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Discussions in digital: Making machine-driven marketing work

To work effectively with machines, marketers need to set up guardrails, then let the machines crunch the data and the humans focus on creativity and personalization.

As the relentless advance of technology sees automation increasingly replace humans, it’s not just factory floors that are being transformed. Unprecedented amounts of user data and computing power are being harnessed to usurp traditional marketing roles as well. In our latest Discussions in Digital podcast, Dianne Esber, a partner at McKinsey’s San Francisco office and a leader in marketing and sales, and cohost Jane Wong, an associate partner in the San Francisco office, explore the present and future of machine-driven marketing with Sachin Puri, head of performance marketing at StubHub, and Barry Ames, product marketing at YouTube TV. The following is an edited transcript of their conversation.

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Discussions in Digital: Making machine-driven marketing work
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Dianne Esber: Much has been made of how technology has made marketing a more technical discipline, spawning lots of theories about man versus machine, or ideas versus numbers. I think this development—let’s call it machine-driven marketing, has generated a lot of anxiety in many marketing organizations, and across the C-suite. In fact, McKinsey’s research has found that organizations that are able to unify technology and creativity actually experience the most rapid growth. So, Sachin, let’s start with you. In your experience, what type of work is best suited to be done by machines, and what by humans?

Sachin Puri: Every time we do anything more than once, we ask ourselves, “Can this be automated?” For example, if we are predicting the value of particular users and their engagement with us on YouTube, we ask, “Do we need to show a particular ad? How much should we bid to show that particular ad?” There is a science behind that. It’s work that humans don’t need to do. Those are the kind of roles that we automate.

We have a focused, dedicated team that does that. The creativity that comes out of this team is based on thinking about the audiences we are targeting. “Is this an MLB fan? If somebody’s an Elton John fan, would it make sense to show them a piano or a guitar? And in what setting?” Things of this nature, which are more emotion and sentiment related, are things we rely more on humans to define.

Having said that, once those ideas are developed, our aim is always to automate them so human capacity, creativity, and energy can be dedicated toward another innovation. That’s how the evolution happens. It’s not one versus the other— you need one to support the other.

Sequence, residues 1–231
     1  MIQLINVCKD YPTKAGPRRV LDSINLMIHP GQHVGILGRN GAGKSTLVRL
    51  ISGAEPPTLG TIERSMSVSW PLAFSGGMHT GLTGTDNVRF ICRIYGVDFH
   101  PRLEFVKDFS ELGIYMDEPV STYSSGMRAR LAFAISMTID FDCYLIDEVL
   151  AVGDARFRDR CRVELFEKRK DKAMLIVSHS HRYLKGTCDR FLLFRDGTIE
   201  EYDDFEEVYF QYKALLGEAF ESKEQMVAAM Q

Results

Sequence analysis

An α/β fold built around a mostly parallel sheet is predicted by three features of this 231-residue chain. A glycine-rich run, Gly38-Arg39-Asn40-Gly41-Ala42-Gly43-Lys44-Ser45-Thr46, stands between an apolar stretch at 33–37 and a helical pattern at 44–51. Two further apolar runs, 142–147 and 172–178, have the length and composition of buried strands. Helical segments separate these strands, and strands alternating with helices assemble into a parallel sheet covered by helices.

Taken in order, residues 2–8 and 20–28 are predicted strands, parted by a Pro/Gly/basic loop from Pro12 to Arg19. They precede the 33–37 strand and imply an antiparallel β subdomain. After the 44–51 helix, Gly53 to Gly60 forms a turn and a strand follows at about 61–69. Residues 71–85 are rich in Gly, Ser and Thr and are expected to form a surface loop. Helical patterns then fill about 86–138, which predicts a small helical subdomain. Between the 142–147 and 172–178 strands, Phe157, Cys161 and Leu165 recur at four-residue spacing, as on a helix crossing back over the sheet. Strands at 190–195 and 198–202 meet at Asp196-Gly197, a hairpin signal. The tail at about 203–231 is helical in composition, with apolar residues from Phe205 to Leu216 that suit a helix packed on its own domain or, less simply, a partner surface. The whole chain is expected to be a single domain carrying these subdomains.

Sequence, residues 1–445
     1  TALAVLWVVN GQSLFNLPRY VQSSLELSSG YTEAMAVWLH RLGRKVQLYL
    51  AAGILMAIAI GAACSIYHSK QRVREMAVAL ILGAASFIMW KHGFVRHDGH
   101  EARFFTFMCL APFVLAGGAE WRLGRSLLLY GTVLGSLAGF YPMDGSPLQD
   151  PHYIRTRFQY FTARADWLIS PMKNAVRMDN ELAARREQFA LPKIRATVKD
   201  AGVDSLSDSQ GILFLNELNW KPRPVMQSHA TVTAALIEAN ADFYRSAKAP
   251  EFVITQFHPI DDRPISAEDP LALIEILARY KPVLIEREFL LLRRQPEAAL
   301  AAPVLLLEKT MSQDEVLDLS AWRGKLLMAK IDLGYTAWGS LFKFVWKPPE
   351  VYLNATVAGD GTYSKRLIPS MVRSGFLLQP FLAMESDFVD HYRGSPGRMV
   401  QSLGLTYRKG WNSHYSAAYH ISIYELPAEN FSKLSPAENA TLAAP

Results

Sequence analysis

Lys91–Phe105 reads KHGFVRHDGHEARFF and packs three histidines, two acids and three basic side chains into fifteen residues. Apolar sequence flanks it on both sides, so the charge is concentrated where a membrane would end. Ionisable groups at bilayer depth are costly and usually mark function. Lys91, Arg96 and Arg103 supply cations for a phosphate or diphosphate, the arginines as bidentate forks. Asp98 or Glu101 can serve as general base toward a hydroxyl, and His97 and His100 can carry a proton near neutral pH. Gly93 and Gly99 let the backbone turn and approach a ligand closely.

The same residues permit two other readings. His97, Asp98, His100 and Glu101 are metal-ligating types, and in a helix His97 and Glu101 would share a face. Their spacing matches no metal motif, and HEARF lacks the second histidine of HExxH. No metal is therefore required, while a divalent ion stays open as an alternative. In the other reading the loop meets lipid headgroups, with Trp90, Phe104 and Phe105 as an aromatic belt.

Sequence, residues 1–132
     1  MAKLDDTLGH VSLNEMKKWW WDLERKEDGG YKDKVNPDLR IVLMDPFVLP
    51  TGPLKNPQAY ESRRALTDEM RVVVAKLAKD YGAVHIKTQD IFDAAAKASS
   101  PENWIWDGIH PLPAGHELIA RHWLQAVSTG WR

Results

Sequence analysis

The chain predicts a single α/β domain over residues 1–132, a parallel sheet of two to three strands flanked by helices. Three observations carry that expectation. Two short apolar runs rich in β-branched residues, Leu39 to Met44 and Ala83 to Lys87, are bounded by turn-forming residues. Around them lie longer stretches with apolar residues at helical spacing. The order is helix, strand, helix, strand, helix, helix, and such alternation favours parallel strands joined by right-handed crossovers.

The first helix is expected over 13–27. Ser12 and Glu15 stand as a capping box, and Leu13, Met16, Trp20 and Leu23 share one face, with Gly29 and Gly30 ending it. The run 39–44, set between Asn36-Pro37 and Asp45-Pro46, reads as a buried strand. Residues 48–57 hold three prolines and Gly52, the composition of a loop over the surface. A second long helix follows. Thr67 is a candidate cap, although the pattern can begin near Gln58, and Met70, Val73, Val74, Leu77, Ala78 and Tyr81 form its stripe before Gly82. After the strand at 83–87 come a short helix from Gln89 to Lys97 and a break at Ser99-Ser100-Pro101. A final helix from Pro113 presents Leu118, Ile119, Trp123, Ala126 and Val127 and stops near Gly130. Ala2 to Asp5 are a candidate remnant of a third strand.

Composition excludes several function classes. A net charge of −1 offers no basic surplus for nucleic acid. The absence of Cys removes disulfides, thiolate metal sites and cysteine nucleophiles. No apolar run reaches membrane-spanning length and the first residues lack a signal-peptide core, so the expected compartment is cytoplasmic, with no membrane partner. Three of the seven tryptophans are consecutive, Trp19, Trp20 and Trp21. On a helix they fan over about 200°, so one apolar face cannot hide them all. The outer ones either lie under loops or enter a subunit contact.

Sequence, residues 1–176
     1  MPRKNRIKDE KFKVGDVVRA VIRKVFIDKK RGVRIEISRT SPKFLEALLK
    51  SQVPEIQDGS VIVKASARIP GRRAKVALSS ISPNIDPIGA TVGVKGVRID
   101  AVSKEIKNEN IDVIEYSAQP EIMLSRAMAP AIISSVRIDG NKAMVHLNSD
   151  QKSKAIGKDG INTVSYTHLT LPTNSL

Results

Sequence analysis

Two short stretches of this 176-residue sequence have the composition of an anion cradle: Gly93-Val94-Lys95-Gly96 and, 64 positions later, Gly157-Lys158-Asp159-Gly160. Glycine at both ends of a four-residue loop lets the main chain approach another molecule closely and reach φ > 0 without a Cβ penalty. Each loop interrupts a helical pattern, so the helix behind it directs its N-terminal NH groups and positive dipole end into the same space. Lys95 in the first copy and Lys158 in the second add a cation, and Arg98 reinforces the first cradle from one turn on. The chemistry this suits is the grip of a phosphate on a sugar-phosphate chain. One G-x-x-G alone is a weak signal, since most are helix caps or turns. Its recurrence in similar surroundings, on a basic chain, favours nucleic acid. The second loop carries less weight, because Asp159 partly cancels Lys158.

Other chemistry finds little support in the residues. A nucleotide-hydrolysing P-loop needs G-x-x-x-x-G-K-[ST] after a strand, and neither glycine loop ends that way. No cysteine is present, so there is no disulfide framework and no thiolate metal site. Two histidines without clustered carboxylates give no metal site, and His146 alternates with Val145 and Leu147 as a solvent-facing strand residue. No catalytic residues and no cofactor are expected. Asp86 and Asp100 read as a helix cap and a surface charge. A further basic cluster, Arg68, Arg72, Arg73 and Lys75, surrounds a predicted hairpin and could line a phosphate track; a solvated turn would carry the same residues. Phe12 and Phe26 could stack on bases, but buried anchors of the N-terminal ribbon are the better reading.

Barry Ames: Sachin and I are in two different industries, but we approach it quite similarly. Machine learning provides us with an opportunity to let machines optimize targeting and find particular folks in a huge base of users. That frees up the marketers to be the ones coming up with the hypotheses. They can then sit back and let the machines find these folks and optimize toward pockets of opportunity in the user base.

So in that respect, it’s not man versus machine. It’s actually quite liberating for marketers not to be on the hook to find those folks and scale marketing programs that have thousands of cells of personalized content. So the ability to build provocative creative and sit back and watch the results roll in is just a fundamentally different approach to test-and-learn than we were all doing ten years ago.

The evolving creative process

Jane Wong: How has machine-driven learning impacted creativity and the creative process?

Sachin Puri: The creative process has to evolve as we adopt more machines. And that requires a change of mind-set to let machines decide which creative, text, and messaging to show the users in that particular moment to grab their attention.

However, determining what messaging jibes with the brand purpose you want to push will still be driven by humans. So whether you want to go with a white image or a darker image that connects with the human emotion that you want to portray as the brand is a decision that’s still human-based. What’s changed is letting the machine find the right mix for that particular user. I think that’s a big change that every marketer is going through, to let machines make some of those decisions.

Barry Ames: The creative folks that I work with love it. It’s liberating for them. But five years ago, the idea that they wouldn’t necessarily know the exact targeting for a piece of creative or have pinpoint control on every permutation of every message and every placement would have been scary.

Sachin Puri: This prototyping and the ability to use different combinations by letting machines show different creative helps marketers to do rapid prototyping and free media testing. Creative people love it. But in the beginning, there was apprehension.

Winners and losers?

Dianne Esber: Are there winners and losers in this man versus machine or not?

Sachin Puri: As we bring machines and humans together, the sensitivity and the maturity to manage the change, so that everybody sees the common success versus the individual, is important. But being able to connect to their individual success is also important for people, and that puts pressure on the leadership to motivate people to keep working with machines for a better output.

Barry Ames: I would say motivate and educate, because a big portion of starting down this path is bringing everyone along with you. Our CMOs grew up in a different era, so you’re educating up and out even as these capabilities continue to evolve. A key learning from this process is that bringing everyone along is a necessity.